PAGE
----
The doubled consonant (shadda)

     
                     

  Watch summary video
(2.26 min)

Writing Two Letters as One.

 

  What are Shaddas?

        An Arabic word frequently has two similar consonants in a row with a syllabic break between them.

Don't ask why.

Understanding the double consonant pattern makes reading a lot easier.

Shaddas are only placed above consonants. Shaddas require for the consonant to be pronounced twice.

        Instead of writing the consonant twice we place a shadda above one copy of the consonant.

Sum-up:

         1- The first consonant can never carry a short vowel but instead an implied sequoun (no vowel).

View the sequoun as a stop sign -- so you can start a new syllable.

         2- The second consonant must carry a damma, fatha, or kasra.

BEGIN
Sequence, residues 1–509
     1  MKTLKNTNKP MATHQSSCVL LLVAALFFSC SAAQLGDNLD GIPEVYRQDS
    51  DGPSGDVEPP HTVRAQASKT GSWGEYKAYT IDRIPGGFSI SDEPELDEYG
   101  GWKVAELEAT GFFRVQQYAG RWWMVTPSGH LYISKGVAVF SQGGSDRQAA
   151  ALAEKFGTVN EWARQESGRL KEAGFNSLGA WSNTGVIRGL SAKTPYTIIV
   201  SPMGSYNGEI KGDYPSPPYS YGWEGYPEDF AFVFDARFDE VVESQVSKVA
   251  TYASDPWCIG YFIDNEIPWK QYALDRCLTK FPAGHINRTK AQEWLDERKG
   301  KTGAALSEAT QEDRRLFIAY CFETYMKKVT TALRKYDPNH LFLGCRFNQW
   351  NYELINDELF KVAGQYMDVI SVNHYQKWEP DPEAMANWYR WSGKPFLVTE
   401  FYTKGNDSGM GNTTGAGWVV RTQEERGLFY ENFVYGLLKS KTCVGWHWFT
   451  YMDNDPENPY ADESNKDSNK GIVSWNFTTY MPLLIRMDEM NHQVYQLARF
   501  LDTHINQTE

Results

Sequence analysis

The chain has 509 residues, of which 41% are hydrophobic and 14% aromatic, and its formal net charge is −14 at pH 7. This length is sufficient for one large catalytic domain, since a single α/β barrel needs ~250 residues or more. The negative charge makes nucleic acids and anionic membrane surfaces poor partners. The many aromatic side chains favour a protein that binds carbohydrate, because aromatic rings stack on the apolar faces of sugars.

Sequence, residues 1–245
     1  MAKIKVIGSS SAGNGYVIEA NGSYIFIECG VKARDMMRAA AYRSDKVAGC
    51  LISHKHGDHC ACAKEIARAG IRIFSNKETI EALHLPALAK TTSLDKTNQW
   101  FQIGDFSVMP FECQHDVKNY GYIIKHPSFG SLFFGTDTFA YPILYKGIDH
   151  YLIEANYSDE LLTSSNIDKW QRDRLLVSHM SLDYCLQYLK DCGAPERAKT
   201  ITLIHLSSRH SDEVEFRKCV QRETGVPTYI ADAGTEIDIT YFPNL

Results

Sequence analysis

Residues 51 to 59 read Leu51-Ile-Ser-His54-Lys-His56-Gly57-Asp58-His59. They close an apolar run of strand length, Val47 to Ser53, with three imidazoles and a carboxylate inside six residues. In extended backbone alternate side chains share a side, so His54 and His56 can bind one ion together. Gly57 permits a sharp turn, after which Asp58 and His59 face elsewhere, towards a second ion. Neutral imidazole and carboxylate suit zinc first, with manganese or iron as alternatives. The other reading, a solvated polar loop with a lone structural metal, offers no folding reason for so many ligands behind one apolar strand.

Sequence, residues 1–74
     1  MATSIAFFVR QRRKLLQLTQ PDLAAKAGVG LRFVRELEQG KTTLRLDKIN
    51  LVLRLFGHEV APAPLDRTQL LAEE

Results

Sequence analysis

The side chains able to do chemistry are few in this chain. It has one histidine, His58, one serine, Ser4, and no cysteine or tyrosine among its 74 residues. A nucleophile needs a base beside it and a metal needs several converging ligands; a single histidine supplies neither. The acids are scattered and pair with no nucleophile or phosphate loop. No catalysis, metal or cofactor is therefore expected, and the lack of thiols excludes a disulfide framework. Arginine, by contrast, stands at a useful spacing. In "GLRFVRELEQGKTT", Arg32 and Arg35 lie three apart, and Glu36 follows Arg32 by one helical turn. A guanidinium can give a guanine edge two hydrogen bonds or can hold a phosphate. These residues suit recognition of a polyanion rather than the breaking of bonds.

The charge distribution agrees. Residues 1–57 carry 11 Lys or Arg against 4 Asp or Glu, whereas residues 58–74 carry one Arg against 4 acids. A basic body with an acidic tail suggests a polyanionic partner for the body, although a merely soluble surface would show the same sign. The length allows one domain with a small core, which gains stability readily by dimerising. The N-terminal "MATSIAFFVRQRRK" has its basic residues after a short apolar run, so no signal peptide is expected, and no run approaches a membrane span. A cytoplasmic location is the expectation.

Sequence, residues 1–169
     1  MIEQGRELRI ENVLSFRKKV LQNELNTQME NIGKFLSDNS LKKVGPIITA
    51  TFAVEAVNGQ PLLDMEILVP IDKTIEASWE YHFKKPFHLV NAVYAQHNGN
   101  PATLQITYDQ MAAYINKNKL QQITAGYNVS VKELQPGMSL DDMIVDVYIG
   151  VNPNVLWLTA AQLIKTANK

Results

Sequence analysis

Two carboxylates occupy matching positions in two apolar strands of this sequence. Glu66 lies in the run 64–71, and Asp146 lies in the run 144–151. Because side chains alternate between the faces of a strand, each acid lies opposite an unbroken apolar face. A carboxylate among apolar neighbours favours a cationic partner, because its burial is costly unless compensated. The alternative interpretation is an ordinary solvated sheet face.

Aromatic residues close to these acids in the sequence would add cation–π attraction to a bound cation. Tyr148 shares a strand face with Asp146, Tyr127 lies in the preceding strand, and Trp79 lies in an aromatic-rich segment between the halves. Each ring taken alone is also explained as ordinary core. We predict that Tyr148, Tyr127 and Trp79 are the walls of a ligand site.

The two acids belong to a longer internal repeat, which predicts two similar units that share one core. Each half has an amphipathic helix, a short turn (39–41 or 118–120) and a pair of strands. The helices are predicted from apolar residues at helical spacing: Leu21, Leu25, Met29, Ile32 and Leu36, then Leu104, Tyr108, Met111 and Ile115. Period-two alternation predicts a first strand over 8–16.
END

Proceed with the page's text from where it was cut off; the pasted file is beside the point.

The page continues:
Beware: The tricky part about the shadda is saying the consonant twice without fumbling the word. How not to fumble?

A- There is a syllabic break between the two consonants.
B- The second consonant carries a short vowel (fatha, kasra, or dumma).

Arabic learners see shaddas and freak out. No need. Deal with shaddas gracefully.


        

 

 Example



عَرَبِيَّةْ
1
çarabiy-ya

 car
 

Because يَّ carries a shadda ّ the letter is doubled:
يْ The first yih always carries an implied sequoun.
يَ The second yih carries one of the three short vowels. In our case, here, the yih is carrying a fatha.

        

       

 

 


Listen then say out loud  

          Listen then say out loud the below doubled consonants.

Examples



عَرَبِيَّةْ
1
çarabiy-ya  

car



هُوَّ
2
how-wa   

he



هُمَّ
3
hom-ma  

they


🔴 See more examples 😊 😊


 

Keep going! You're almost there.

 
   

  So now you know that doubled consonants                          
usually have a syllabic break in the middle. 
                                     

 
   

  
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